Pride and Prejudice at The Lowry (Review)

 

Pride and Prejudice Regents Park Theatre Lowry
Tafline Steen and Benjamin Dilloway as Miss Elizabeth Bennett and Mr Darcy

There was a period of time in my late teens when I discovered Jane Austen.  I remember my welcomingly thick Collins compendium of her works, which still sits in a box of my University books somewhere, waiting for the moment when my two girls are old enough to begin to appreciate them.

Ever since, Pride and Prejudice has been one of my favourite novels.  The journey of Lizzie Bennet as she discovers her love for the distantly brooding Mr Darcy (“Until this moment, I never knew myself” – cue flutterings of the heart!) amidst the surrounding comedy of a highly-strung Mother of 5 girls and the hapless Mr Collins mesmerised and stayed with me.

Last night, I was invited to see Pride and Prejudice at the Lowry in Salford.  The invitation seemed to arrive at just the right time; Pride and Prejudice has influenced so much of our culture, including the fantastic 1995 BBC TV series and the subsequent Bridget Jones series which cast the same Mr Darcy.  I went to see the latest Bridget Jones film featuring Colin Firth’s Darcy just last week – so I feel I’ve had a double dose of Darcy!

The play is a Regent’s Park Theatre adaptation by Simon Reade, with a cast that includes Matthew Kelly as Mr Bennet – played brilliantly (he is so tall!).  We had a few laughs at Mr Bennet’s withering comments to Felicity Montague’s Mrs Bennet.

Pride and Prejudice Regents Park Theatre Lowry
Matthew Kelly as Mr Bennet

It’s hard to top Jennifer Ehle’s Miss Bennet in the 1995 TV production.  However Tafline Steen did a good job.  A little more carefree than the Ehle version, the proposal scenes were nevertheless pleasingly tense, with Benjamin Dilloway’s Darcy delivering his declaration of Elizabeth’s inferiority convincingly.

He didn’t emerge from a pond with a wet shirt at any point in the show, however.

Pride and Prejudice Regents Park Theatre Lowry
Steven Meo as Mr Collins

By far the most enjoyable character to watch last night was Steven Meo’s Mr Collins.  He was just so funny!  His silly dancing – I need to try and emulate this at the next wedding I go to, just for fun.  I could have spent the entire evening watching just Mr Collins.

However, Montague’s Mrs Bennet was a close second.  Clinging to the banister at one point (half way up) in an attempt to convinced the escaping Mr Bennet to force Lizzie to accept Mr Collins’ marriage proposal, she was absolutely hilarious.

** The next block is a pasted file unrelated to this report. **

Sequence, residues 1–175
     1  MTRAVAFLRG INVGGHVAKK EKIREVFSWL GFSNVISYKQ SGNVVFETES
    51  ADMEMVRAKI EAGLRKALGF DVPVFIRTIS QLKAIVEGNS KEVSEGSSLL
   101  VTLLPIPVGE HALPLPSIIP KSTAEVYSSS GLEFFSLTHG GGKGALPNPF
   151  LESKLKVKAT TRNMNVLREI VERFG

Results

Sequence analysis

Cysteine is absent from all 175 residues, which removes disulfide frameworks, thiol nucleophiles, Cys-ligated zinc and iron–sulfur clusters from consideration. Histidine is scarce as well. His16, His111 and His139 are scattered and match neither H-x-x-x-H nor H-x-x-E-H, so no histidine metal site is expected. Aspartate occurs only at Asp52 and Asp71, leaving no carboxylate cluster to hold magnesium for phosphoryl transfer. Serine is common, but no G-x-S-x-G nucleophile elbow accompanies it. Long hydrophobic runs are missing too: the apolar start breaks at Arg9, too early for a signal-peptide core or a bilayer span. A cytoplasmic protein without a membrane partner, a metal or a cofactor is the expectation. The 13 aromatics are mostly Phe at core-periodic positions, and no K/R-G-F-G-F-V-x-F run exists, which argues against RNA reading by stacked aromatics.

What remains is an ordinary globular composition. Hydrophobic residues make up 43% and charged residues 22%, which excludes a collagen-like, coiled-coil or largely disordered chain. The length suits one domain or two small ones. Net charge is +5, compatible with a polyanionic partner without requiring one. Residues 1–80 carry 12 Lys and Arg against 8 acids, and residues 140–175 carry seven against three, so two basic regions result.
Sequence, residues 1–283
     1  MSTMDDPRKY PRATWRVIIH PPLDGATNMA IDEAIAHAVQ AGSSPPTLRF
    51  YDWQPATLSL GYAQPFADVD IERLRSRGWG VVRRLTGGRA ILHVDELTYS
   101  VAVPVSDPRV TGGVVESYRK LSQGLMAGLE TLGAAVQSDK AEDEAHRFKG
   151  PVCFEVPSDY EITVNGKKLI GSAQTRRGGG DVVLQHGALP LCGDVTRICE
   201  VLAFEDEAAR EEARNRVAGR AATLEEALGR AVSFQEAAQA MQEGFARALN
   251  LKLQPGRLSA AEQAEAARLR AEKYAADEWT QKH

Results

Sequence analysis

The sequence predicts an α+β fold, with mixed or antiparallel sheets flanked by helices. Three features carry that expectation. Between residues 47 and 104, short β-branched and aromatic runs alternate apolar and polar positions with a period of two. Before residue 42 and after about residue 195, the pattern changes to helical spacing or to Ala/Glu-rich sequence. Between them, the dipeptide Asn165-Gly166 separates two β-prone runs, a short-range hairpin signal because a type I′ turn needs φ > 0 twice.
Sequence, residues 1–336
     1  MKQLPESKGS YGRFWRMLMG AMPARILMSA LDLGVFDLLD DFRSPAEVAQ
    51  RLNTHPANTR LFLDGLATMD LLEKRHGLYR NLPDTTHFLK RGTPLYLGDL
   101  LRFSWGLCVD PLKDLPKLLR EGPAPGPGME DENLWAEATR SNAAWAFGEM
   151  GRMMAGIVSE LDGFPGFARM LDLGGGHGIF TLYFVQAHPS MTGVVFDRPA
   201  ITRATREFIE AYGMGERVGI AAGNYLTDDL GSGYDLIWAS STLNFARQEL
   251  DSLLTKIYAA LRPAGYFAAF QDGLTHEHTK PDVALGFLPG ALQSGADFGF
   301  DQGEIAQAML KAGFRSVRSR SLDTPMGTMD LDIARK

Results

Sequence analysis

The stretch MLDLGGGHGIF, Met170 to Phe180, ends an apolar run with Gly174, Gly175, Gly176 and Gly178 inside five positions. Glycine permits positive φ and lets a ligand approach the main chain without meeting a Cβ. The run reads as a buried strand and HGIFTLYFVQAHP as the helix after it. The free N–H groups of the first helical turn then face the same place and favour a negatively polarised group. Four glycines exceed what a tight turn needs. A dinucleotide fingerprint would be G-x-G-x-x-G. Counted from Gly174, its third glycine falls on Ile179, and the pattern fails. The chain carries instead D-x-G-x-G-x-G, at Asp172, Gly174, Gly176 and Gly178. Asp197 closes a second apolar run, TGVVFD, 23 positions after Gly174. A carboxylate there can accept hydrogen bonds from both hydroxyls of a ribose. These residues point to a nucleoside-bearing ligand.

I enjoyed the evening and would recommend you go and see Pride and Prejudice. It’s at The Lowry until Saturday 15th October, and further tour dates and venues are listed here (or follow @DarcyOnTour on Twitter).

Outside the Lowry
Outside the Lowry

The Lowry is a great venue, for both adults and children.  It’s easy to get to and is an impressive building, with lots of eating and drinking places.  The play was in the Lyric theatre. it’s spacious, comfortable and we had good stalls seats with a decent view.  We ‘retired’ to the Circle bar in the interval for drinks which is really nice – low lighting, comfortable tables and seats and view of the theatre. I’ve also seen previous shows in the Quays Theatre, which also has a great bar adjacent to it overlooking the Quays.

We’re looking forward to our next trip to the Lowry.  I’ll be looking at what’s on in the next few months and the lead up to Christmas.  I may also re-read Pride and Prejudice!

Disclaimer:  We were invited to watch Pride and Prejudice free of charge.  All opinions are our own.

Room on the Broom Live on Stage at The Lowry (review)

room on the broom live

Yesterday we went to see Room on the Broom Live at The Lowry in Manchester together with my fellow blogger Hodge Podge Days

Those with preschool children may be familiar with the book by Julia Donaldson and Alex Scheffler.  It’s a simple and engaging tale of a witch and her cat, their broomstick and the animals they meet during an exciting journey to tackle a dragon.

I love The Lowry as a venue.  We’ve previously seen plays and pantomimes here.  The Lowry theatre is spacious and welcoming, the seating comfortable and facilities great.

But also, post-production there’s lots to see and do afterwards, whether it’s shopping, eating in one of many restaurants or simply taking scooters or bikes along the quays.

Room on the Broom Live was a great hit with my girls who are aged 4 and 2.  It’s not easy to keep the attention of children this age, but they were gripped for the full hour or so (I think it was just over an hour).

The production, by the Tall Stories Theatre Company, involved a mix of singing, puppetry and interaction with the audience. My two were singing “Iggety-Ziggety-Zaggety-Zoom” all the way home!

The dog, parrot and frog in the book were represented by the puppets which were cleverly handled by the four actors on stage. My favourite was the Frog, who sang his song in true cowboy style!

My little ones loved the Cat, however, played by Emma McLennan.  She was so funny and bossed the other animals (and the Witch) around brilliantly!

room on the broom live

Afterwards, we scooted around the quays, took a glimpse at the Blue Peter garden in the sun and my girls played in the play area while I had a well-deserved coffee! A brilliant day out!

Disclosure: We were provided with complimentary tickets to Room on the Broom Live by The Lowry.  All opinions expressed are my own.